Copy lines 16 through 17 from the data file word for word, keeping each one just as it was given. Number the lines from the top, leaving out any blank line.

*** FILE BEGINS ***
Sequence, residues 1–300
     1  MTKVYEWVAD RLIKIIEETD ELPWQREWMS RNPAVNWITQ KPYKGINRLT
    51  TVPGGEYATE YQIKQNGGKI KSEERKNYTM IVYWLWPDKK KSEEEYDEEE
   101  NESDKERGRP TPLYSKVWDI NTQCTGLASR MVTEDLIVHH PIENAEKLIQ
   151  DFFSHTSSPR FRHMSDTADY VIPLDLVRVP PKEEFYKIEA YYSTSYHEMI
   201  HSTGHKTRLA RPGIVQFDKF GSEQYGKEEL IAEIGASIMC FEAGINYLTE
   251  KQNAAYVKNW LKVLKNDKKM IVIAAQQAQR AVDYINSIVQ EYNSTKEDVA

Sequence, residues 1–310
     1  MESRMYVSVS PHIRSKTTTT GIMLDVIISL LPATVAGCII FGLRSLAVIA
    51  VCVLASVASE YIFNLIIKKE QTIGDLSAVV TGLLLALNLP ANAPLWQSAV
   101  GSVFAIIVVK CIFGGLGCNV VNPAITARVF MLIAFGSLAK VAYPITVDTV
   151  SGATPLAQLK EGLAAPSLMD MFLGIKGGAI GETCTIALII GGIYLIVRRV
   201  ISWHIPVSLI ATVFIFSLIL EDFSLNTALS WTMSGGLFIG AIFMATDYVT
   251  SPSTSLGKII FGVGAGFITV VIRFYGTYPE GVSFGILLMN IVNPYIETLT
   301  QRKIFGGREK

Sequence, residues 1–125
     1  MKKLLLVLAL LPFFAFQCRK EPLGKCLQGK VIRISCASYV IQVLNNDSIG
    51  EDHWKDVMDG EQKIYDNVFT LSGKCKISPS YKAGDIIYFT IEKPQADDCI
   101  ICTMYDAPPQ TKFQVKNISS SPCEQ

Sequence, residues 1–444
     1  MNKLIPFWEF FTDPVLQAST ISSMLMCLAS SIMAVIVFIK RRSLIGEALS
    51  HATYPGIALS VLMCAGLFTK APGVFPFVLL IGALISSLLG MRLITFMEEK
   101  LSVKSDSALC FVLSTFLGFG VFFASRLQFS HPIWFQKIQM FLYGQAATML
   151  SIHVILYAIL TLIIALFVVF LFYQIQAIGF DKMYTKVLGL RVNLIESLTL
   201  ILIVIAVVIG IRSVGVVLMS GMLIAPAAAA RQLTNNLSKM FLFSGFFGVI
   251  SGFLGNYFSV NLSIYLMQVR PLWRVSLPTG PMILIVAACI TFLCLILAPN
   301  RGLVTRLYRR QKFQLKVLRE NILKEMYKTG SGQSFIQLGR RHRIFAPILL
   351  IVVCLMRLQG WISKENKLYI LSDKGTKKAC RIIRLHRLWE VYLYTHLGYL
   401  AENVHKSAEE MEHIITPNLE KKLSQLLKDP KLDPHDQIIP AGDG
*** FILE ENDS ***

Sequence, residues 1–125
     1  MKKLLLVLAL LPFFAFQCRK EPLGKCLQGK VIRISCASYV IQVLNNDSIG